Disturbance in natural areas occurs as a result of various processes on various spatio-temporal scales, generating a heterogeneous mosaic of environmental characteristics. The effect of such change on diversity patterns has been explained by the hypothesis of habitat heterogeneity. Modifications in abiotic and biotic factors such as plant density influence the composition and structure of assemblages of phytophagous insects. Response of the leaf beetle (Coleoptera: Chrysomelidae) assemblage to such changes was evaluated in an oak (Quercus spp.) forest in the Altas Cumbres Natural Protected Area, Victoria, Tamaulipas, Mexico. The delimited mosaic was classified into four categories according to the length of time since the last disturbance: 1 year, 10 years, 30 years, and 40 years. Disturbance time categories were delimited using remote sensing techniques from LANDSAT satellite scenes. Leaf beetles were sampled each month from February to April 2016 in 10 plots per category. The numbers of herbaceous and shrubby plants in each plot were counted with the aim of estimating the plant density of each category and relating values with differences among communities of Chrysomelidae. In total, 1,056 individuals of six subfamilies and 37 species were obtained, with Centralaphthona sp. 1 the most abundant. Thirteen species were specialists, while Helocassis crucipennis (Boheman, 1855) occurred in the most niches. Leaf beetles preferred high plant densities and were most abundant and had most species richness in the category of 10 years since the last disturbance. The community had aggregate spatial distribution that might reflect significant biological patterns. Alpha diversity indices indicated the 10-year category was most even, with Hypolampsis sp. 1 the dominant species. In contrast, least evenness was in the 1-year category where Centralaphthona sp. 1 was dominant; the species might indicate permanent disturbance. The community had low species turnover among the categories of disturbance and is therefore expected to have high gamma diversity. Inventory of the study area had 82.4% completeness; however, categories of 10 and 30 years required more sampling effort. Results supported the hypothesis of habitat heterogeneity, because observed community patterns did not occur by chance. This suggested that environmental heterogeneity because of disturbance positively influenced composition and community structure of Chrysomelidae, and observed patterns responded to intra- and interspecific interactions.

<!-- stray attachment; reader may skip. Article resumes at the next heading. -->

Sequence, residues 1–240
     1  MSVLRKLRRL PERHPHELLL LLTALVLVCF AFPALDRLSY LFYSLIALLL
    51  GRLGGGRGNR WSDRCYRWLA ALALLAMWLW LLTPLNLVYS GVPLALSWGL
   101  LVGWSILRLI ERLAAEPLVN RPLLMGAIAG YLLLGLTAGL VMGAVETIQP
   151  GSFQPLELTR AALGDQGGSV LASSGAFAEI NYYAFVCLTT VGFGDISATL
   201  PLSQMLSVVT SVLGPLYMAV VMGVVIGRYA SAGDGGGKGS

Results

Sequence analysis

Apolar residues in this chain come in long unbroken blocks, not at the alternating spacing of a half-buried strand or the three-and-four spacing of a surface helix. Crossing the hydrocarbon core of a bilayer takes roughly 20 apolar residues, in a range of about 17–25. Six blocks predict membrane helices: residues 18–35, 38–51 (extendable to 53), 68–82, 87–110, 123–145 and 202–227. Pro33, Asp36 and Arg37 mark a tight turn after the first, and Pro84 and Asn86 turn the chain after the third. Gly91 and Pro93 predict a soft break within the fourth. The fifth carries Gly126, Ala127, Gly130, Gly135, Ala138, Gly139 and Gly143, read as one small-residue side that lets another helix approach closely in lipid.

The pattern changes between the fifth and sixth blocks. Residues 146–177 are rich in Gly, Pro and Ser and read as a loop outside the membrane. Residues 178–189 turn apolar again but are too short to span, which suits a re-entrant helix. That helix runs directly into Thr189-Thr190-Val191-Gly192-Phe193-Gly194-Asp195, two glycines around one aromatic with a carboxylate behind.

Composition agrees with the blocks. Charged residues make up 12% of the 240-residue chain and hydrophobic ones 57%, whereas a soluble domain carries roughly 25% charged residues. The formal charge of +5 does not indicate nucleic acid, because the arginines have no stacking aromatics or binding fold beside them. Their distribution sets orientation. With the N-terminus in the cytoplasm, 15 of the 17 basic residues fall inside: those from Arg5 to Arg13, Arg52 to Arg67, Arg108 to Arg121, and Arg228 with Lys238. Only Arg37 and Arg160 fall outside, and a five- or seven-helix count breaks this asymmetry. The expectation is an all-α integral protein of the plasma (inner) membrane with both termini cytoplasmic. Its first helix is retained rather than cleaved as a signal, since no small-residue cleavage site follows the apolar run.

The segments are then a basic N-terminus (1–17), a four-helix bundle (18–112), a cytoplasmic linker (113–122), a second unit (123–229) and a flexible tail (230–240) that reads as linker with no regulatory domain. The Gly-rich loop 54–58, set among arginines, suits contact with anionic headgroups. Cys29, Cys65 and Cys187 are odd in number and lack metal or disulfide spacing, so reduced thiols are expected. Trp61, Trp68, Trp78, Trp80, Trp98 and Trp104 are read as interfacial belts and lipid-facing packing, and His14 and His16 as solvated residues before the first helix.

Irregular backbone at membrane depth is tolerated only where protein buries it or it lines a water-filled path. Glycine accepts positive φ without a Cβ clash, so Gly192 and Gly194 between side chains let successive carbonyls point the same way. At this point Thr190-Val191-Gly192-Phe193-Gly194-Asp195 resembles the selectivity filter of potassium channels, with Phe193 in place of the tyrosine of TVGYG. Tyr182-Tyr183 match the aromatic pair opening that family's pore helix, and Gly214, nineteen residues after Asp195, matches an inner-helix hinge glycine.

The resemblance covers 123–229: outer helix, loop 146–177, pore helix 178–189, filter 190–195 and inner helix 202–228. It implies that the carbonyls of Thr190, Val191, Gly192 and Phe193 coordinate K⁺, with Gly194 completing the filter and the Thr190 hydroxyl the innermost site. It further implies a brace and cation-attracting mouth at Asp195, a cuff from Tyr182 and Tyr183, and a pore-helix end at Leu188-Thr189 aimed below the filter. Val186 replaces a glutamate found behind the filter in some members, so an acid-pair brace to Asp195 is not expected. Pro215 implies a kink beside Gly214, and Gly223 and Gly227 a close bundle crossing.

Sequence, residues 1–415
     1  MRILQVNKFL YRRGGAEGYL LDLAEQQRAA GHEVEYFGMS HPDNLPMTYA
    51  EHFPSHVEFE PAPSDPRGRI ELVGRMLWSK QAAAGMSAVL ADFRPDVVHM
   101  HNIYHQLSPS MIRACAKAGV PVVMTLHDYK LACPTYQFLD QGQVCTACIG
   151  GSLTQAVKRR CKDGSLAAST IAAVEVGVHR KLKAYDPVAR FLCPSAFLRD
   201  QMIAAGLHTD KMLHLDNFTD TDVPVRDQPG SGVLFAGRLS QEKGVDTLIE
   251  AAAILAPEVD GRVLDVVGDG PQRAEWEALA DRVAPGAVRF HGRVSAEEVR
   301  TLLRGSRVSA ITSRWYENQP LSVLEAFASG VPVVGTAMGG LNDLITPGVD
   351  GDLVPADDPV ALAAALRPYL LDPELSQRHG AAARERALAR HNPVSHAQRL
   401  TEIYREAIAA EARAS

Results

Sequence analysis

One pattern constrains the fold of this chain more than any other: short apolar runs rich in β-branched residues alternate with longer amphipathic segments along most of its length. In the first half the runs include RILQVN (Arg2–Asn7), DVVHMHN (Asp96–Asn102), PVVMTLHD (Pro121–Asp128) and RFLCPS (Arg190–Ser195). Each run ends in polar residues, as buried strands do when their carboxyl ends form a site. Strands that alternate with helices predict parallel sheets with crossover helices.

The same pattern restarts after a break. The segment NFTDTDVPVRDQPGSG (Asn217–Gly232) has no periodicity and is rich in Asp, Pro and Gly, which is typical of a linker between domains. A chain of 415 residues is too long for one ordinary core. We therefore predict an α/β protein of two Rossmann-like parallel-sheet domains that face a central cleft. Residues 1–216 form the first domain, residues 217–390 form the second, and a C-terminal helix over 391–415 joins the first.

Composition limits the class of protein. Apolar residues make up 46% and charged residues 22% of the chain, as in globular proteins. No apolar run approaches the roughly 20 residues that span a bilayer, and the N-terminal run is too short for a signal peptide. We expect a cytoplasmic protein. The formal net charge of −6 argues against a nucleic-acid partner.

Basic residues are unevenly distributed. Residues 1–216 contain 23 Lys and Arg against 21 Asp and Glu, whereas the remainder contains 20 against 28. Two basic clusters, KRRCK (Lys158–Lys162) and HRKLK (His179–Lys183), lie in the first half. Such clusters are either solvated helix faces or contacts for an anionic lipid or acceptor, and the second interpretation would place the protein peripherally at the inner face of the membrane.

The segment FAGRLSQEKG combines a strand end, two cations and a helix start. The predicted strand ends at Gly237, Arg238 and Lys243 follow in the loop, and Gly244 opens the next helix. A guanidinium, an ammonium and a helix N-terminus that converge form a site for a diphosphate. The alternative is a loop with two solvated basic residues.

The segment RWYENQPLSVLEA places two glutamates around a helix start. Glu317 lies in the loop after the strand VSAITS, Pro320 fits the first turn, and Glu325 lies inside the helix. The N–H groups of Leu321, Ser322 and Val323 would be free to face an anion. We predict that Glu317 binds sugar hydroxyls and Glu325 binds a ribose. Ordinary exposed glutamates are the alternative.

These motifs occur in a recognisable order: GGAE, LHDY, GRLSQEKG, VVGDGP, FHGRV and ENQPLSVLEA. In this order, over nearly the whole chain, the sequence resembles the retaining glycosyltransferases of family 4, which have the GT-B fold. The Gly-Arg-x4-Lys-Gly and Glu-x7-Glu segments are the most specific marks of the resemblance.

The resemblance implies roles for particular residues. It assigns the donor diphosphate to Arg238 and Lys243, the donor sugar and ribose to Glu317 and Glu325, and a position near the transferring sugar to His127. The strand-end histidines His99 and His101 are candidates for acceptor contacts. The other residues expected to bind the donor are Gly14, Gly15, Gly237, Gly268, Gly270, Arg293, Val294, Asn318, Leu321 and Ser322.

You have requested a machine translation of selected content from our databases. This functionality is provided solely for your convenience and is in no way intended to replace human translation. Neither BioOne nor the owners and publishers of the content make, and they explicitly disclaim, any express or implied representations or warranties of any kind, including, without limitation, representations and warranties as to the functionality of the translation feature or the accuracy or completeness of the translations.
Translations are not retained in our system. Your use of this feature and the translations is subject to all use restrictions contained in the Terms and Conditions of Use of the BioOne website.
Vol. 43 • No. 1